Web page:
by Terrance Mc Arthur
Our roving food critic Terrance Mc Arthur continues his search for great food in Sanger and the surrounding communities. Check out more Great Food Search here!
Last month, the Great Food Search went Taco Hunting, and I bagged some good ones, but I kept hearing about other places and other tacos, so, in our quest for news you can eat, Kings River Life brings you “Tacos, Part 2.”
A “taqueria” is a little place that sells Mexican food. Most places are food-to-go, or nigh unto a food truck. A few places are full-scale restaurants. Some are parts of markets or “carnicerias” (meat markets). Some menus have a large variety of dishes offered, while others give you a choice of tacos, tostadas, and going somewhere else. One place may just fill your belly, while the next one could fill your soul.
Las Cabanas Taqueria, 2636 Jensen Ave, Sanger:
Next to a Me-n-Ed’s pizza place near Jensen and Bethel in Sanger, Las Cabanas is a little bit dark, but the food is a whole lot good. Some taquerias are all about the meat. For me, the tacos at Las Cabanas are all about the sauces. On a beef taco, the meatiness is enhanced. The green sauce is friendly fire that awakens the taste, but doesn’t burn. The double-layer tortillas keep things held together, and there’s enough room for a family sit-down meal.
La Costenita Carniceria y Taqueria, 766 L St., Sanger:
It’s a meat market. It’s a store. And…in a little corner next to the carniceria display case…it’s one of the busiest walk-away food spots in Sanger. The tacos are double-walled, and the meat is tucked in with a layer of veggies and greens. People line up for the food, here, just east of Sanger’s railroad tracks, and people are so driven to get here that you have to be careful crossing the street. Why did the chicken cross the road? To get to the tacos!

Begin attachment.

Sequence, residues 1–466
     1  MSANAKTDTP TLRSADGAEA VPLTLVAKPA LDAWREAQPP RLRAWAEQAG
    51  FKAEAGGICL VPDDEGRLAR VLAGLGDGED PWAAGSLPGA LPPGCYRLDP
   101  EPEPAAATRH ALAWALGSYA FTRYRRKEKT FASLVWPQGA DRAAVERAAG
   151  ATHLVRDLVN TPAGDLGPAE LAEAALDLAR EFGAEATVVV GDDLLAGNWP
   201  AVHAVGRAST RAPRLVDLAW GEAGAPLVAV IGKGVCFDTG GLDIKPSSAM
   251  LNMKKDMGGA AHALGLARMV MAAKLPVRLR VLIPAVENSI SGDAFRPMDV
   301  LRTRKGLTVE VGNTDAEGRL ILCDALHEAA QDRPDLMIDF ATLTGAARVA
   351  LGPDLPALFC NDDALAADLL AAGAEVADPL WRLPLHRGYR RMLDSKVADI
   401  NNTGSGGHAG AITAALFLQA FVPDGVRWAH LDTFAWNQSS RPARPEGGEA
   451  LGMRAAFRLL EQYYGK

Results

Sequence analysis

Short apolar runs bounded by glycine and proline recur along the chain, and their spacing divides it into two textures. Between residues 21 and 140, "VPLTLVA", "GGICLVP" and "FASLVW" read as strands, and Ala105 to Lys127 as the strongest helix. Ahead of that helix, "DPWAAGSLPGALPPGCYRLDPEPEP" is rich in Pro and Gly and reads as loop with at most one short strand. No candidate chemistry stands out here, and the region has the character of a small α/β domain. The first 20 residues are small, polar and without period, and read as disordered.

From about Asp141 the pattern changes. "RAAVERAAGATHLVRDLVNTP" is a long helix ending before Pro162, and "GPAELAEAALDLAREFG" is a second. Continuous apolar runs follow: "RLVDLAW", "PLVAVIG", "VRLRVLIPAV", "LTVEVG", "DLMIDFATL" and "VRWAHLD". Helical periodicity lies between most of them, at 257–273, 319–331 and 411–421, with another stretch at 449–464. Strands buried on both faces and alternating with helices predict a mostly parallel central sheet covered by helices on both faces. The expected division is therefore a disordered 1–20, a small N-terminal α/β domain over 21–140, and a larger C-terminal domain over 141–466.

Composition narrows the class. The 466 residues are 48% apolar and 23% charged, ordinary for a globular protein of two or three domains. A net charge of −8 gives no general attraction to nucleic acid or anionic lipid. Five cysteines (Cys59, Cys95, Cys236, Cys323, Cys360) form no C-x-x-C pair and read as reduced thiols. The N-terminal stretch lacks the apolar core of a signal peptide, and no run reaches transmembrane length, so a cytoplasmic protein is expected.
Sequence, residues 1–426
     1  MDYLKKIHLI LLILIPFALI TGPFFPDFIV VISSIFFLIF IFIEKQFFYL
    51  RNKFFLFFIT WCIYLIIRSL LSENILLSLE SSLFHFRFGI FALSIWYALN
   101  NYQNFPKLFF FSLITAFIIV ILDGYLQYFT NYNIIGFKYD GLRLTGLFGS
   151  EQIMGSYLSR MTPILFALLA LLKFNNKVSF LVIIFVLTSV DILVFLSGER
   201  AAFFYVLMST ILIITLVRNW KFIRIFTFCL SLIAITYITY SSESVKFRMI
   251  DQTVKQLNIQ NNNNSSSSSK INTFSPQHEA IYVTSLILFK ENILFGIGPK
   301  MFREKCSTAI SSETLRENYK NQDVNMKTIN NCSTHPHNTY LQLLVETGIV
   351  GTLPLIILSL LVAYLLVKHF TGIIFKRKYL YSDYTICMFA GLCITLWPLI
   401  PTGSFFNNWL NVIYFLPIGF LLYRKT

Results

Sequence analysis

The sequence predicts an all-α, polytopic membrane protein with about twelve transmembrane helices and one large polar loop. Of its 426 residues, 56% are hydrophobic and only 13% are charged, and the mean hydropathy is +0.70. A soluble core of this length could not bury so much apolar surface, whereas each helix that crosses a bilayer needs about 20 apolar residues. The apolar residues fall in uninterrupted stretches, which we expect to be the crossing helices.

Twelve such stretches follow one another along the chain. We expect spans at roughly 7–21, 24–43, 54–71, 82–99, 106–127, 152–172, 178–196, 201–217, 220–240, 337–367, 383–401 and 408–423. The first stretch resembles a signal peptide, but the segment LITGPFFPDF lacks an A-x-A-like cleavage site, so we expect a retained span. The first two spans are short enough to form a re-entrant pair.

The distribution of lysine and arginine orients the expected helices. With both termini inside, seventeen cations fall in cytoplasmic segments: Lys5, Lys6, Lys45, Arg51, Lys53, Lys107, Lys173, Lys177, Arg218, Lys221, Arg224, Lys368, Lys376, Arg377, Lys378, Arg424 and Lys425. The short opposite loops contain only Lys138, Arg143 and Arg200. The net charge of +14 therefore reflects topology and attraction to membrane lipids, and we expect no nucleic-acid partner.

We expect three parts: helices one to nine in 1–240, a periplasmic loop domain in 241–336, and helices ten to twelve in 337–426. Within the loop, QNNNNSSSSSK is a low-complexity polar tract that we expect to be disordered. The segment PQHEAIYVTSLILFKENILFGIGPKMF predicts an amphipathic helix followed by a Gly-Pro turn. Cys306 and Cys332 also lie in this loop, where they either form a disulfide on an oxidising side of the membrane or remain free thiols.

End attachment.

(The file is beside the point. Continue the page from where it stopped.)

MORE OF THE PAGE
What does “La Costenita” mean? From looking at several translating programs, I think it means “Little Female Coastal Dweller,” or “Beach Babe.”
Las Espuelas Carniceria & Taqueria, 1614 G St, Reedley:
Down at the south end of Reedley’s downtown, a look-at-me orange building wedges a little market with a produce section alongside a wake-up-and-smell-the-salsa taqueria. ”Espuelas” are “spurs.” The beef makes you say “Holy Cow,” because it’s so heavenly. The green sauce grabs your taste buds like a microphone and sings “La Bamba.” The single-layer tortillas mold around the fillings, soft and pliant, and the scent fills your car, saying, “You don’t really want to share this with your family, do you? I didn’t think so.”
Taqueria Zihuatanejo, 9942 E Manning Ave, Selma:
North of Selma at the corner of Manning and McCall, is a friendly little taqueria/convenience store in the building that used to house (I kid you not) the S & M Market (I never went in, then, but always wondered if the peanut butter was next to the whips and chains). The tacos are garnished with cabbage, cucumbers, and radishes, and the cook is busy but friendly.
What I Think:
I liked the sauces at Las Cabanas, the garnishes at Zihuatanejo, the flavors at Las Costenitas, and the meat at Las Espuelas. My all-around winner is probably La Costenita in Sanger. However, if my air conditioning wasn’t working, and I was trying to get my family out of the house, I would head for Las Cabanas, sit down, and eat.
P. S. – My Spanish isn’t very good, but I get sparkling smiles and twinkling eyes when I try to order and pronounce as correctly as I can. It probably doesn’t speed the service, but it gives them something to talk about when I’m gone.